Calculating Levelized Cost of Photovoltaic Systems as per System Advisor Model-NREL

Photovoltaic electricity is a rapidly growing renewable energy source and will ultimately assume a major role in global energy production. The cost of solar generated electricity is typically compared to electricity produced by traditional sources with a levelized cost of energy (LCOE) calculation.
Here, we shall shed light on basics how to calculate LCOE for photovoltaics based on the System Advisor Model by National Renewable Energy Laboratory (NREL) USA.

LCOE, or levelized cost of energy is a term which can be stated in its simplest form as the cost of the power produced by a Solar PV System over a period of time, typically the warranted life of the system. It can be written in a monetary value i.e. 0.5 US$/KWh. As the life of currently available PV Systems presumably is more than 20 years, therefore, cost and revenue benefits are compered over the same period. Hence, this is an assessment of the economic lifetime energy cost and lifetime energy production.
In its simplest mathematical form:

We, now, have to look into details of the numerator and denominator of the above equation. If we expand the above equation as per the System Advisor Model of the NREL then it may looks like:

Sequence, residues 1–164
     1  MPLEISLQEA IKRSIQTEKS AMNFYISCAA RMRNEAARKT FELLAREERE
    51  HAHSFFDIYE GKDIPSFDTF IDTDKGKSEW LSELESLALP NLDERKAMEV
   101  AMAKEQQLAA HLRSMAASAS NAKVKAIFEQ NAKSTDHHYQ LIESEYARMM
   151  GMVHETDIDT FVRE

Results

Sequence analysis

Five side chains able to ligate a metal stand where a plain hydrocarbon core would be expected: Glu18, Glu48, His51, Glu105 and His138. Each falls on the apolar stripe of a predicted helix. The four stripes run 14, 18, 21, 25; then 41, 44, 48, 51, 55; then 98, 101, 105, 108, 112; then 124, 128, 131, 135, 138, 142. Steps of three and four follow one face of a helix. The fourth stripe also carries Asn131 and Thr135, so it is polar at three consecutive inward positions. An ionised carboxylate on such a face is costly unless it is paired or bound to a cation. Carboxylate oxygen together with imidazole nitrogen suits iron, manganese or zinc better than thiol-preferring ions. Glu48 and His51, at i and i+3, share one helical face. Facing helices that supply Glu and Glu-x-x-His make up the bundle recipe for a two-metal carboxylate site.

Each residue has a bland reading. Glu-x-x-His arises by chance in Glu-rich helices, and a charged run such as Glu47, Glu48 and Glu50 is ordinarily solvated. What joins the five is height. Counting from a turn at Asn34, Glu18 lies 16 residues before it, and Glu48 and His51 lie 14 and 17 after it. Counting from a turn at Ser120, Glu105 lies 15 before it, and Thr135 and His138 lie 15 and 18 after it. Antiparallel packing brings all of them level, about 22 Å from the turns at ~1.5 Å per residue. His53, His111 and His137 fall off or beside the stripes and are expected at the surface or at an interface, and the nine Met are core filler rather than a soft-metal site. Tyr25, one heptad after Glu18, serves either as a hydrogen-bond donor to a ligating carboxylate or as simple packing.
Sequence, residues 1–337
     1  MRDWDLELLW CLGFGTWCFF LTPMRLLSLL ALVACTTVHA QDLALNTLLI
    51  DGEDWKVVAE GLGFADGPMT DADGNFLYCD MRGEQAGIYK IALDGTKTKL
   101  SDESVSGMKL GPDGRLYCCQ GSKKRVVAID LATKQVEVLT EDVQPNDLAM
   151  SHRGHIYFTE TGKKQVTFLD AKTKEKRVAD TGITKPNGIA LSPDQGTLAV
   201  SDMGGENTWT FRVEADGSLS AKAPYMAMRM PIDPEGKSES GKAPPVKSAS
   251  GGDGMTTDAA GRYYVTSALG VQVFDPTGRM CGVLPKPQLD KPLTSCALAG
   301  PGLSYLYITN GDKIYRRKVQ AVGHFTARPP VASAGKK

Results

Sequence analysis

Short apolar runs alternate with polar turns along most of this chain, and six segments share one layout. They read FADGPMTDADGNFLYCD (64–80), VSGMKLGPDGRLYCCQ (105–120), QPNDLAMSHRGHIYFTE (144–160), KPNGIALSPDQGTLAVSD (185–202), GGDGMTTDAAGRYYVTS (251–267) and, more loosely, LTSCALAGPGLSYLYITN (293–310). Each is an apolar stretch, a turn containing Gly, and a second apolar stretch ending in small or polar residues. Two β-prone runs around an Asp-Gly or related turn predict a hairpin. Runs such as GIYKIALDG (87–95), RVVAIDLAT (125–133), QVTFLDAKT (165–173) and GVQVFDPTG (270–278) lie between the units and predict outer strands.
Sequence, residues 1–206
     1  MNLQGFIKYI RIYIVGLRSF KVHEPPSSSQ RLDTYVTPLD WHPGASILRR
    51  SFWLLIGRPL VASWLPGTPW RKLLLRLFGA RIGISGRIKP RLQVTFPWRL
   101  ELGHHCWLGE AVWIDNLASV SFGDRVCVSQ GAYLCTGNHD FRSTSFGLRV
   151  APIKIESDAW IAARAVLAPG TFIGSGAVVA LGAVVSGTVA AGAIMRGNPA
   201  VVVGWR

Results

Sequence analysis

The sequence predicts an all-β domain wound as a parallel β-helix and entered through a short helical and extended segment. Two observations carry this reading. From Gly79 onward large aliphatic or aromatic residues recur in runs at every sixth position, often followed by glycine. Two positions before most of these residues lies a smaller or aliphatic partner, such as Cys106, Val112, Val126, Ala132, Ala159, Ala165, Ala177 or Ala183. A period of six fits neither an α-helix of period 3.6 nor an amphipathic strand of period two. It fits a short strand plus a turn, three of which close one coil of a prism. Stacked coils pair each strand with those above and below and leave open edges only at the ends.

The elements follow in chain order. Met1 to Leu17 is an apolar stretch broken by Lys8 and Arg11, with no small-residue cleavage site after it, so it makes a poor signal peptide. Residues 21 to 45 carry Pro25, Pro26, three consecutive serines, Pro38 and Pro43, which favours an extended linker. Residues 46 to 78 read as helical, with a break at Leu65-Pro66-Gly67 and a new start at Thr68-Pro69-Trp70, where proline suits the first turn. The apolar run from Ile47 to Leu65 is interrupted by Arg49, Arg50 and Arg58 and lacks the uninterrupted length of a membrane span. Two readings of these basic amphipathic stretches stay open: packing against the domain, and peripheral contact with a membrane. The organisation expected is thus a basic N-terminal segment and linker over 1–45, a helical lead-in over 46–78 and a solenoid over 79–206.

This equation may look very complicated but it’s not. Lets discuss each part of above equation.

a) I = Investment or CAPEX (Capital Expenditure): First, is the Capital Investment or Capital Expenditure in the project or the System i.e CAPEX, and represented by “I” (see on extreme left of the above equation). This may have include:
i) Design & Engineering Cost: First of all, every system needs to be designed through proper engineering and techno-economic analysis. This a has cost and must be accounted for.
ii) Procurement: Cost of all the equipment, components or devices which shall become part of the system through design and engineering. This will include PV Modules, Inverters, Batteries, supporting structures, cables, conduits, disconnects / breakers / contactors, earthing / grounding provisions, distribution boxes and balance of system (BOS).
iii) Transportation Cost: Cost incurred to transport all the equipment to site. Generally, it would be fraction of part (ii)
iv) Construction and Commissioning Cost: All the equipment should be properly planned to install and commission the system. A skilled labor and staff would be required to accomplish this task.
v) Grid-Connection Cost: If the system is to be connected to the Grid, then it local authorities set the criteria and policies for this and connection to grid may require a fee which would include inspection of the system from the authorities.
Moreover, there could be other factors too to be included for finalization of the initial investment or cost like taxes, custom installation, transformer and related equipment (Grid requirements), etc.

b) O&M Cost: This has mainly two parts:

i) Follow-On CAPEX: This refers to those expenditure pertaining to purchase of the equipment to replace faulty equipment already installed throughout the life cycle of the project. If single instant of this purchase is represented by: